What's In Blue

Posted Wed 14 Sep 2022

Iraq: Vote on UNITAD Mandate Renewal*

Tomorrow morning (15 September), the Security Council is expected to vote on a draft resolution renewing the mandate of the UN Investigative Team to Promote Accountability for Crimes Committed by Da’esh/ISIL (UNITAD) for one year, until 17 September 2023.

Background

UNITAD was established through resolution 2379 of 21 September 2017 for an initial period of two years, following a request by the Iraqi government. According to resolution 2379, further extensions of UNITAD’s mandate may be requested by Iraq “or any other government that has requested [UNITAD] to collect evidence of acts that may amount to war crimes, crimes against humanity, or genocide, committed by ISIL (Da’esh) in its territory”. Since 2019, UNITAD’s mandate has been renewed for one-year periods every September, most recently by resolution 2597 of 17 September 2021.

When UNITAD was created, the Council asked the Secretary-General to establish an investigative team to support Iraq’s domestic efforts to hold the Islamic State in Iraq and the Levant (ISIL, also known as Da’esh) accountable for international crimes it committed in the country “by collecting, preserving, and storing evidence in Iraq of acts that may amount to war crimes, crimes against humanity and genocide”. UNITAD, which formally began its work on 20 August 2018, is also responsible for promoting accountability globally for atrocity crimes committed by ISIL.

In an 11 September letter to the Council president, Iraqi Minister of Foreign Affairs Fuad Hussein requested the renewal of UNITAD’s mandate for another year, while stressing the importance for UNITAD to hand over all evidence and materials collected by the investigative team to Iraqi authorities within a specific and clear time frame. In the most recent Council briefing on UNITAD, which was held on 8 June, Iraq said that the major challenge for the investigative team is to “deliver justice and to submit all evidence to the Iraqi Government as soon as possible”. Iraq also underscored that “UNITAD’s mandate is not complete if it stops at collecting, preserving and storing evidence without allowing the use of that evidence in national legal contexts.”

At present, the international crimes that UNITAD is mandated to investigate have not been directly incorporated into Iraq’s legal system. As a result, offenders who have engaged in conduct that contravenes international criminal law are usually charged with terrorism offences. Under Iraqi law, the death penalty can be imposed for these offences, and this has prevented UNITAD from sharing evidence regarding potential violations of international criminal law with Iraqi authorities.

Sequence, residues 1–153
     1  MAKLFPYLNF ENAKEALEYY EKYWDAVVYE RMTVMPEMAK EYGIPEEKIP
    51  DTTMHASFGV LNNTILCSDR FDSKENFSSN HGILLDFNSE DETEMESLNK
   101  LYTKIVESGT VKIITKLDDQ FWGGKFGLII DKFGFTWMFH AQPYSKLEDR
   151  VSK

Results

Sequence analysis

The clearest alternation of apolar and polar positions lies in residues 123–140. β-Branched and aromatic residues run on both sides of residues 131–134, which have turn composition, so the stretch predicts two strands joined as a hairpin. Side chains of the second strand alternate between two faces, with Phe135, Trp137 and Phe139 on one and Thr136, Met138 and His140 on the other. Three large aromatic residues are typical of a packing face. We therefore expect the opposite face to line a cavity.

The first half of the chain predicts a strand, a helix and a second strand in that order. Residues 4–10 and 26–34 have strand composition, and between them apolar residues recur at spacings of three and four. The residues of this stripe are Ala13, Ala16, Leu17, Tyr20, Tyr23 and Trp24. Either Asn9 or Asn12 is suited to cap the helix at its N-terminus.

Certain Council members, particularly those that have abolished capital punishment in their own legal systems, remain concerned about the possibility that evidence collected by UNITAD might be used in criminal proceedings in which the death penalty could be imposed and emphasise the need for Iraq to incorporate international crimes into its legal framework. Others argue, however, that Iraq bears primary responsibility for determining how to prosecute those who have committed crimes on its territory and encourage UNITAD to share evidence with Iraqi authorities as soon as possible. These members tend to suggest that Iraq is intended to be the main recipient of evidence collected by UNITAD and often emphasise the importance of respecting Iraq’s sovereignty when it comes to pursuing accountability for international crimes.

Draft Resolution

The UK, the penholder on UNITAD, circulated a first draft of the resolution to Council members on 12 September. It seems that the initial draft stipulated a one-year straightforward renewal of UNITAD’s mandate as set out in resolution 2597. Several Council members apparently submitted proposals aimed at trying to address the Iraqi concerns about the importance of handing over the evidence collected by UNITAD to Iraqi authorities in a timely manner. Yesterday (13 September), the UK placed a revised draft text under silence until this morning (14 September). This draft included an additional preambular paragraph underscoring the importance of sharing evidence collected by UNITAD with the relevant Iraqi authorities in a timely manner for “eventual use in fair and independent criminal proceedings, consistent with applicable international law and the Investigative Team’s Terms of Reference”. After passing the silence procedure, the draft was put in blue today.

The draft resolution in blue retains UNITAD’s mandate, as set out most recently in resolution 2597, and renews it until 17 September 2023. Apart from amendments to relevant dates and document numbers, the draft resolution retains the main elements from resolution 2597. The main change is the addition of the abovementioned preambular paragraph on the importance of sharing evidence collected by UNITAD with the relevant Iraqi authorities in a timely manner.

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*Post-script: On 15 September, the Security Council unanimously adopted resolution 2651, which renewed the mandate of the UN Investigative Team to Promote Accountability for Crimes Committed by Da’esh/ISIL (UNITAD) for one year, until 17 September 2023.

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